An Analysis of the Epic Poem, Beowulf - The Style of Beowulf

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The Style of Beowulf

A consideration of the stylistic features in the classic poem Beowulf involves a study of the poetic verse, the vocabulary, alliteration, litotes, simile, kennings, variation and double-meaning or ambiguity.

The poetic conventions used by this poet include two half-lines in each verse, separated by a caesura or pause. The half-lines are joined by the oral stressing of alliterative words in the half-lines, both consonants and vowels (Tharaud 34). “At least one of the two stressed words in the first half-line, and usually both of them, begin with the same sound as the first stressed word of the second half-line” (Donaldson 67). When a word was stressed in the first half-line, its
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Magoun, in examining the poem, considers it probable that a high percentage of the language in Beowulf is formulas (88-89), formed from a common “word-hoard” that all scops drew on for their vocabulary. On average there is a nominal or adjectival compound every other line, and a new compound in every third line. Many of these compounds did not exist in the average Old Englishman’s vocabulary; some are found only in this poem and nowhere else.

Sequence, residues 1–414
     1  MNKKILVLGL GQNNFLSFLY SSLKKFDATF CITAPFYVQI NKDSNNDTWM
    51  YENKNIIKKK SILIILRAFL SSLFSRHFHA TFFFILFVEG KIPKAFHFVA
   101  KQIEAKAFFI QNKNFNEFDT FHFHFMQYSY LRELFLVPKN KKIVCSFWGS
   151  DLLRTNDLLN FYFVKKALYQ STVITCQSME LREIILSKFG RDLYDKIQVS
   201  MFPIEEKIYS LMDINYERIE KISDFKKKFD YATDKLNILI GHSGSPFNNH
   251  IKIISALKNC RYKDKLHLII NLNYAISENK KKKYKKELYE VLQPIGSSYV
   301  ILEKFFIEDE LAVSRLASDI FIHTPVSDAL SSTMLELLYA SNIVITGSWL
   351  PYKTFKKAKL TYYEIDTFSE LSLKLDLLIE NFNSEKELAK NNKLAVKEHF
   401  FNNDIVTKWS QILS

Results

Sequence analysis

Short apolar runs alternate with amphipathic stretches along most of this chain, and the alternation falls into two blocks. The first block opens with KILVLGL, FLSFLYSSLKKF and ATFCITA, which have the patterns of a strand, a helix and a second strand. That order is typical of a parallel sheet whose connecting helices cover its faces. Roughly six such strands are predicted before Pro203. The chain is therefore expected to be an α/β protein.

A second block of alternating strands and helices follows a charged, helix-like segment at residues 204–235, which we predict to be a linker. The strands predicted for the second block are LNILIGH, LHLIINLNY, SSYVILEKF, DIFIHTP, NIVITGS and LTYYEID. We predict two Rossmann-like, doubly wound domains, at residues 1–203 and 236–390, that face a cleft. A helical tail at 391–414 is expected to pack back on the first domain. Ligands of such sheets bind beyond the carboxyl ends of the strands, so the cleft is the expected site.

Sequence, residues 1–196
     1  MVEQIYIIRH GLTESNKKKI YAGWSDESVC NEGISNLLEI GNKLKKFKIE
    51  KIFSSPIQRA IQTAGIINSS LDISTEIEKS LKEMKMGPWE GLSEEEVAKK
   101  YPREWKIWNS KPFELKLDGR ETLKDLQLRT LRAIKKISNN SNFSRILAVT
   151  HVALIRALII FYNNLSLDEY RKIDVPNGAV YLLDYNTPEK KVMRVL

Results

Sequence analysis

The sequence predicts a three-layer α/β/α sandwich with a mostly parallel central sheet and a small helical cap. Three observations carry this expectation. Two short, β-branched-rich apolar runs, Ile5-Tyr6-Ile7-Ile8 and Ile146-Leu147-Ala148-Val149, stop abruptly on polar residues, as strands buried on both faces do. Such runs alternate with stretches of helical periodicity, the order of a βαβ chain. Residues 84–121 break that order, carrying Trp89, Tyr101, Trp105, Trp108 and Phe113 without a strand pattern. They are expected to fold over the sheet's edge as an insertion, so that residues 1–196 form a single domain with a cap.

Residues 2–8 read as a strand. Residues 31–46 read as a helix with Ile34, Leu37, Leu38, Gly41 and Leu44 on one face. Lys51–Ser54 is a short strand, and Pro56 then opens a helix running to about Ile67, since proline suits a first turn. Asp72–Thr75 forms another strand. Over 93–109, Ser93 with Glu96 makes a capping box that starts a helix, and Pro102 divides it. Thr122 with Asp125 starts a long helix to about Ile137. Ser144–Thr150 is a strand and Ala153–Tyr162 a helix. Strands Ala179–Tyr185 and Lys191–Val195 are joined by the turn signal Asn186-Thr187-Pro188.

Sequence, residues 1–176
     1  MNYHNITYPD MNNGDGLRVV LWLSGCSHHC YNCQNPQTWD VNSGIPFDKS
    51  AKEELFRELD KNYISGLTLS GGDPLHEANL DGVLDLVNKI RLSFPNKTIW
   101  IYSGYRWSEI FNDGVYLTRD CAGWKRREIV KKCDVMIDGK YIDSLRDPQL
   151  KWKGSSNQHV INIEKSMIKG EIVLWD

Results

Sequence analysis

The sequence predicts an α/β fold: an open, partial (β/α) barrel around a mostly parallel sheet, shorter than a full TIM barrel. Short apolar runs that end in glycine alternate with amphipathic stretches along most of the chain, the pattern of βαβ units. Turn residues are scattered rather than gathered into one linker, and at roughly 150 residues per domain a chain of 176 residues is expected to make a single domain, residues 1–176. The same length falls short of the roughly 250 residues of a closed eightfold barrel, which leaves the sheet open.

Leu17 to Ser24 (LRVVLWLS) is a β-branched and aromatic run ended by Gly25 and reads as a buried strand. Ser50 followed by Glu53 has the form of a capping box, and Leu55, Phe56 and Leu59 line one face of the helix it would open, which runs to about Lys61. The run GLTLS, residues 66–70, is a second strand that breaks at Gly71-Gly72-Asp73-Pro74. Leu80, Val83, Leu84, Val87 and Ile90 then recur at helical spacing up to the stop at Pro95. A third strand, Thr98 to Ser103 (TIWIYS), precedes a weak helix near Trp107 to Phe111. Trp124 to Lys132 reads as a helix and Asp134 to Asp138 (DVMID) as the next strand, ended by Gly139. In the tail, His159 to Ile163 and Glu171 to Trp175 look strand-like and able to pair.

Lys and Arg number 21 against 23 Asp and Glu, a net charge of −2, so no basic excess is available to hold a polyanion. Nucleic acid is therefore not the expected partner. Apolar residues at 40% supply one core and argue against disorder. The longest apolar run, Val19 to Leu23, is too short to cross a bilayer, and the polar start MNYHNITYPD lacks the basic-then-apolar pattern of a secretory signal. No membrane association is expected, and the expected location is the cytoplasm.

The style of Beowulf is affected in a very noticeable way by its heavy usage of metaphorical naming, called kenning. Kennings are compound expressions using characteristics to name something. The kenning hronrade literally means “whale-road,” which translates as “sea” to the listener or reader. There are hundreds of kennings in the poem:

Life-lord living Lord war-dress armor

bed-companion spouse earth-dwellers humans

kin-slaughter killing of relatives gift-throne throne

wave-rider boat sea-skilled sailor

sea-currents waves battle-dress armor

battle-shirts mail word-hoard vocabulary

hearth-companions friends pitch-black dark

shield-bearer thane fire-hardened

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